The tagline I used for my review at Amazon was, “Dune and Firefly go on a drunken absinthe bender and wake up in Cthulhu’s condo”, and it fits. This is definitely a 5-star book. In a sense, it has a similar sci-fi/space horror plot angle to John Love’s Faith, which was trad-pubbed a few years back. That book for me was ultimately a disappointment, and I think the reviews on Amazon bear that out. If nothing else Nethereal kind of puts a point in the win column of indie vs. trad in that it takes chances that I don’t think a traditional publisher would let a non-established writer get away with, while also avoiding the art over story aspect that so soured me on Faith.
It’s hard to describe Nethereal without going into spoiler territory. Myself, I’m a guy who likes spoilers, but I went into this only knowing the genre, and that there were a couple of sequels out there. I’d like to grant you that opportunity as well so I’m going to avoid them as much as possible here.
As with most space-opera, we begin with the character archetypes. You’ve got your emotionally-withdrawn Captain nursing long-ago losses. You’ve got a hardcore female first-officer who keeps the crew in line and sometimes pilots the ship. The other pilot is a young guy, full of awe and wonder.
But just when you think this the crew of the Serenity in disguise, we get a little splash of a Dune-esque interstellar guild with an iron fist on the underlying economics of space travel, and they are after our pirates.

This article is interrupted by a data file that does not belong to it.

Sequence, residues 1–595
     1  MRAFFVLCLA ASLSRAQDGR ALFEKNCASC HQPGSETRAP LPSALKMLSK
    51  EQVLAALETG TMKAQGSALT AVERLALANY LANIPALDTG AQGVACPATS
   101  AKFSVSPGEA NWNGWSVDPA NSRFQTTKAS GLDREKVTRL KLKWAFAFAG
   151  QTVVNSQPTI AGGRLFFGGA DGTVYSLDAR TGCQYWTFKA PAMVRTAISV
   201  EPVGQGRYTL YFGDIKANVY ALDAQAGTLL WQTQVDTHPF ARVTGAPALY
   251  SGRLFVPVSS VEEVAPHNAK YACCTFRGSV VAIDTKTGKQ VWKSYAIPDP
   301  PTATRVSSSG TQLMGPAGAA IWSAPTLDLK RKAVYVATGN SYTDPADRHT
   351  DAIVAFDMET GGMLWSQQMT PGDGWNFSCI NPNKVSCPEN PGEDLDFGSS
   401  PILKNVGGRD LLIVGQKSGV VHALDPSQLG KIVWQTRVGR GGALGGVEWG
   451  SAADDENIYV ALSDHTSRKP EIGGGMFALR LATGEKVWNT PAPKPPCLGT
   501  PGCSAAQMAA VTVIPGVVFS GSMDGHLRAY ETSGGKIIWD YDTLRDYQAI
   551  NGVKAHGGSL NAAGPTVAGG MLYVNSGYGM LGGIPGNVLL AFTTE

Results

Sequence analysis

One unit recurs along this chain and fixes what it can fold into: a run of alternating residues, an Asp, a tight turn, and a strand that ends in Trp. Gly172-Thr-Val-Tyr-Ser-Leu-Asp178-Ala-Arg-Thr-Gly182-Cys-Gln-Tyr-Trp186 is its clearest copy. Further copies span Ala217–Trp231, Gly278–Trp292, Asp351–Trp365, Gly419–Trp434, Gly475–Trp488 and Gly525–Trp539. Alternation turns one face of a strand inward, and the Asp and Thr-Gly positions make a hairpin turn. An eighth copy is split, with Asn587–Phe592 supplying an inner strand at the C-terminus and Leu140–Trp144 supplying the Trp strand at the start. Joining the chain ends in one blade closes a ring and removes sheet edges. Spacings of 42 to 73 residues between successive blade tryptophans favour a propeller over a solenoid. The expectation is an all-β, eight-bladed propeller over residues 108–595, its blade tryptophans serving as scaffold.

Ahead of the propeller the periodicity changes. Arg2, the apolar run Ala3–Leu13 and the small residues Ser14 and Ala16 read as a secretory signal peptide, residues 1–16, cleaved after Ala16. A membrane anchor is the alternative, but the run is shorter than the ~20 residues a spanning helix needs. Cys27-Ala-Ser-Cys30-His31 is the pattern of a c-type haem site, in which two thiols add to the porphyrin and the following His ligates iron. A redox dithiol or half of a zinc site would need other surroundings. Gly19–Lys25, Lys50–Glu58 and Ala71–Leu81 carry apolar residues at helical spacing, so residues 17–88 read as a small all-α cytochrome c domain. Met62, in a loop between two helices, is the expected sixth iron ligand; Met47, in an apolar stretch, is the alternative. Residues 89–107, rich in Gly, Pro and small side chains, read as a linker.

With the first-novel exposition out of the way, it’s full speed ahead as the crew of the find themselves shanghai’d into a venture by a group of separatists to help them on the maiden voyage of their newest ship. In a novel rife with Biblical allegory and folkloric shout-outs, it’s telling that the separatist ship has been named the Exodus. Unfortunately, they are going nowhere near the Holy Land . . .
This is the part of the book where we depart the comfortable climes of space opera and head straight into the black emptiness. Shades of Boyle’s Sunshine or Anderson’s Event Horizon? Oh, yes.
In a work that was full of twists and surprises, perhaps the biggest one for me was the conclusion, which did satisfyingly tie up the initial arc while leaving possibility for a sequel. There are real consequences, real triumphs, and real scares. Can’t wait to read the next one.